Painting of the Elasmotherium sibiricum or ‘Siberian unicorn’ above by Heinrich Harder. Photograph: Public Domain
Much attention in the past two days has been devoted to something quite unexpected -Unicorns. In the midst of headlines detailing an attempted plane hijacking in Cyprus and a suicide bomber in Pakistan killing 69 people,  we find headlines about unicorns. Unicorns clearly get people’s attention as they have, for the most part, been grouped along side of leprechauns and fairies in a long list of other childhood fairytales. Not so much anymore though. A fossil discovered by scientists show that these animals may have roamed the earth at the same times humans did. Though they may have not had rainbow fur, they did have one horn and looked much like a cross between a horse and a rhino.  To be fair, scientist have known of the existence of the Siberian Unicorn for some time, but until now it has been assumed that they went extinct long ago and never roamed the earth at the same time that humans did. Job is an interesting place to look in this regard considering the KJV use of “unicorn” in its translation. Below is the translation in the ESV and the KJV.
Job 39:9–10 (KJV 1900) Will the unicorn be willing to serve thee,Or abide by thy crib? Canst thou bind the unicorn with his band in the furrow? Or will he harrow the valleys after thee?
Job 39:9–10 (ESV) “Is the wild ox willing to serve you? Will he spend the night at your manger? Can you bind him in the furrow with ropes,or will he harrow the valleys after you?
The reason why I give you both the KJV and the ESV is because the ESV here follows the Ancient Hebrew manuscripts while the KJV translates the Hebrew but uses the specific term unicorn from the Greek Septuagint (called the LXX, a translation of the Hebrew). The Hebrew term here is רְאֵם which is a general term for wild ox or another two horned animal like it (Heberew may not have had a specific name for some animals). It gets interesting though because the ancient translators of the LXX understood this word for ox here to refer to a unicorn. So the translators took רְאֵם (wild ox) and translated it as μονόκερως which is best translated unicorn in English or one horned animal (μονό- one). This is why the KJV (as well as Luther in his German translation in 1534) translated this as unicorn.
This translation of the Hebrew word רְאֵם for ox here into the Greek word for unicorn is at the very least interesting, especially in light of the recent discovery.
See our other “According to the Bible” articles:
Church Structure According to the Bible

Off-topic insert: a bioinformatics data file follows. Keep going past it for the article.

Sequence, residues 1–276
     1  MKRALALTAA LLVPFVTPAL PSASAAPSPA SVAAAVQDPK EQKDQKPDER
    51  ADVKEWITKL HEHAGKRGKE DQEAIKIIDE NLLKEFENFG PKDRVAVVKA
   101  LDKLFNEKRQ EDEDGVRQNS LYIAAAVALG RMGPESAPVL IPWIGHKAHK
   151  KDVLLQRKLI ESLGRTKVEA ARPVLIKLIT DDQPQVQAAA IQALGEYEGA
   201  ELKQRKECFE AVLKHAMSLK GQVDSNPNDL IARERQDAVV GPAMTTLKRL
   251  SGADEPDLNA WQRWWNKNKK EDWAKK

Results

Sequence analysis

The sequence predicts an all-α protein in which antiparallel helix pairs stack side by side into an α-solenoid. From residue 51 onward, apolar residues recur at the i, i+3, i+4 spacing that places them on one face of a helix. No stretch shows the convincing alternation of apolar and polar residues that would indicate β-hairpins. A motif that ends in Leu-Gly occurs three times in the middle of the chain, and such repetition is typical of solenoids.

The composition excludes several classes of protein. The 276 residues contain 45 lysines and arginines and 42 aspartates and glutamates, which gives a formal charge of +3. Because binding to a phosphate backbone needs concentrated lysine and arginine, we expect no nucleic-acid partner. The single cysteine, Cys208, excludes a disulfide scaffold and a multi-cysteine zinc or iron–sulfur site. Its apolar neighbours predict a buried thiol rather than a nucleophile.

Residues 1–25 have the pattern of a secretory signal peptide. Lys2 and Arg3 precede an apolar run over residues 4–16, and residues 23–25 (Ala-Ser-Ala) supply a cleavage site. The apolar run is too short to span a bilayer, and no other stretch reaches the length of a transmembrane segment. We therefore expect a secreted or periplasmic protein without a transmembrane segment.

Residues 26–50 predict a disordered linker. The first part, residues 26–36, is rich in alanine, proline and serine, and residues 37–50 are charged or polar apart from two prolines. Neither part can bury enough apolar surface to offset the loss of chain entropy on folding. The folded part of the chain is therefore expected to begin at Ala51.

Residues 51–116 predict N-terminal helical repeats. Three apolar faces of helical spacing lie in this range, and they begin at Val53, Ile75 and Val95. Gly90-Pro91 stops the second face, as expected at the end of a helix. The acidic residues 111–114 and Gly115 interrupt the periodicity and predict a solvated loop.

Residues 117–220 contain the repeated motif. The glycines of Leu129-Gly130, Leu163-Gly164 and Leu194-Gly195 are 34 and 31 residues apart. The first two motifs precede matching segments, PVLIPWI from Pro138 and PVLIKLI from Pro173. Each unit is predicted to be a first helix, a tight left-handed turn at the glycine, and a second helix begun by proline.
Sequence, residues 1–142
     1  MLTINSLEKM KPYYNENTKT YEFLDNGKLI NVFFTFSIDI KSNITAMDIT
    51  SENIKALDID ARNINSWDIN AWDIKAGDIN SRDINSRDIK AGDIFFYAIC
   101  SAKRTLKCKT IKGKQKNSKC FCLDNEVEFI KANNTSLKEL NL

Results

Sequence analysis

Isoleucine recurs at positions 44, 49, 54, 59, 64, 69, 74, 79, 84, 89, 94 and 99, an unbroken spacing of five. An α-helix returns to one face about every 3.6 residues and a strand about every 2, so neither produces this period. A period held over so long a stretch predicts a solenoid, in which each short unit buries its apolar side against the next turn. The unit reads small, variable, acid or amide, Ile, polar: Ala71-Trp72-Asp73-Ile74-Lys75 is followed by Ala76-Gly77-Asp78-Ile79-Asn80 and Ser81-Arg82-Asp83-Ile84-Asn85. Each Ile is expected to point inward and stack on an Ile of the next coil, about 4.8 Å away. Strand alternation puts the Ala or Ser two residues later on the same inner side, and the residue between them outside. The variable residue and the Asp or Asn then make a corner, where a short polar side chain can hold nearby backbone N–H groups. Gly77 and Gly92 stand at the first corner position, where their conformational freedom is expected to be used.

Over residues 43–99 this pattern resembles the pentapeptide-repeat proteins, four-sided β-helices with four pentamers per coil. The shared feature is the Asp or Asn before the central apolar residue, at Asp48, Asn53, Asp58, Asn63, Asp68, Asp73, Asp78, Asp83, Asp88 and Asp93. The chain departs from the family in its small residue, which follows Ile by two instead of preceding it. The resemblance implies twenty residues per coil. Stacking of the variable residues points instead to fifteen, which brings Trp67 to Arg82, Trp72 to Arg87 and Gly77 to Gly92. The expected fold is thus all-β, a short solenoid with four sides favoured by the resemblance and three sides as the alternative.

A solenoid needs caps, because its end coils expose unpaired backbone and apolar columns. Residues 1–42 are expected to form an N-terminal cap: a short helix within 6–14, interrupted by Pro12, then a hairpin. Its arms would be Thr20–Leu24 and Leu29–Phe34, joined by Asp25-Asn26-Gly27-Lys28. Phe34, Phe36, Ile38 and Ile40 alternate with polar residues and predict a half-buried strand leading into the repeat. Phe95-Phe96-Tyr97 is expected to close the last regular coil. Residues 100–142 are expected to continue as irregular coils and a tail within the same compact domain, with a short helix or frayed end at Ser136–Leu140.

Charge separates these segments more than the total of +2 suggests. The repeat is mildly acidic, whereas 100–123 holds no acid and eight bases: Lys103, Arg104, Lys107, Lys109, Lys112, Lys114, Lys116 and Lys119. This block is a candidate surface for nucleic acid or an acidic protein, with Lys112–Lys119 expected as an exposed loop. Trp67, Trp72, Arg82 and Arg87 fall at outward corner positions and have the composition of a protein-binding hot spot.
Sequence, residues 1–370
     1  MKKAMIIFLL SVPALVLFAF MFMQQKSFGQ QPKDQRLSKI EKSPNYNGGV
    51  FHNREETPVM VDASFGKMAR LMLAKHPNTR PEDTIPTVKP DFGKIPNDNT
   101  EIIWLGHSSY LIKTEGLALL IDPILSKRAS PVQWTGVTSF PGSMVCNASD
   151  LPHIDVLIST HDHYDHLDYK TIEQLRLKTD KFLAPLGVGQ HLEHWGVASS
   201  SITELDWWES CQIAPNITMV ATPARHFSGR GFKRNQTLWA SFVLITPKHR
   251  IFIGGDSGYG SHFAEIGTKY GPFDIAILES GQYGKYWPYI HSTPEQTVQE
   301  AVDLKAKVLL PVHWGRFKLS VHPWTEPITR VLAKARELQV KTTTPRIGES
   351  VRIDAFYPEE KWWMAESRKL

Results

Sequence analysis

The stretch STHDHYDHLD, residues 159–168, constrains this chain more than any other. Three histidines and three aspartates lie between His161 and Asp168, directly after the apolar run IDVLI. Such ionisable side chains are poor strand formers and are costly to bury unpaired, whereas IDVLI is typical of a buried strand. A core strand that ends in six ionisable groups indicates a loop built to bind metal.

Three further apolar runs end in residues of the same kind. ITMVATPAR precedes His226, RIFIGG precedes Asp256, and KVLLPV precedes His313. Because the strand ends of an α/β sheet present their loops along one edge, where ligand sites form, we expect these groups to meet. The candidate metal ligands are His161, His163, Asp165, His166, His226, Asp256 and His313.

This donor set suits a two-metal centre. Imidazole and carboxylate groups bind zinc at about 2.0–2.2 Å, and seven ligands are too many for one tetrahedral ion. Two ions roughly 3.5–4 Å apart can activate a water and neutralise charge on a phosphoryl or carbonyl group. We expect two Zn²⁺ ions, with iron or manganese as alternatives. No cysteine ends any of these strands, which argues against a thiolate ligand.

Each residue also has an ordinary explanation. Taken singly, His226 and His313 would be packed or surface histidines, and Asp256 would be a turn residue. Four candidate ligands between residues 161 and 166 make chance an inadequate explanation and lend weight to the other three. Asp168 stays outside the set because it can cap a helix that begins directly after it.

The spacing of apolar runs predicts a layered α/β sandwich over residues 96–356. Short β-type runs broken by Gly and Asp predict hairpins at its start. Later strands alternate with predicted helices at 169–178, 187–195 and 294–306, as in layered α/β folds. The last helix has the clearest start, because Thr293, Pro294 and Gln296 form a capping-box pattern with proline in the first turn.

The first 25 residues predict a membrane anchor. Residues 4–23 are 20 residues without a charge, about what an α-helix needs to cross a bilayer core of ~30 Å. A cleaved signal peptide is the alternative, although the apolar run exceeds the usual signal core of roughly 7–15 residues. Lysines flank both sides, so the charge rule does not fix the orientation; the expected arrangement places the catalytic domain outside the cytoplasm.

Church Worship According to the Bible
Women in Combat According to the Bible
Abortion According to the Bible
Gender Roles According to the Bible Part 1 & Part 2
This is a fruitful outline from a written sermon by the English Puritan Thomas Watson. This godly man did not have an easy life, as he faced much persecution and lost all of his young kids during his lifetime. In the midst of suffering, Watson found his hope not in his situation but in God and in the words of Scripture. Reading Watson’s sermon gave me much spiritual profit and here is the basic points that Watson makes. I tried to write the points word for word, which is why some points are in outdated english but many points are simplified so they can be understood easily.
How we may Read the Scriptures with most Spiritual Profit
- Remove those things which will hinder your profiting
- Remove the love of every sin
- Take heed of the idols which will choke the word read
- Take heed of mess around with scripture
- Prepare your hearts to the reading of the word.
- In controlling our thoughts
- In getting rid of unclean affections
- Read the scripture with reverence
- Read the book of scripture in order
- “we do not read a friend’s letter in the middle”
- Get a right understanding of scripture.
- “if the word shoot above our head, it can never hit our heart.”
- Read the word with seriousness
- Labor to remember what you read
- Meditate on what you read
- “Reading brings truth to your head, meditation brings it into our heart.
- Come to the reading of scripture with humble hearts.
- Give credence (acceptance as true) to the word written
- Highly Prize the scriptures
- Get a passionate love for the word.
- Come to the reading of the word with honest hearts.
- Willing to know the whole counsel of God.
- To read it that we may be made better by it.
- Learn to apply scripture
- “A medicine will do no good, unless it be applied”
- Observe the commands as well as the promises.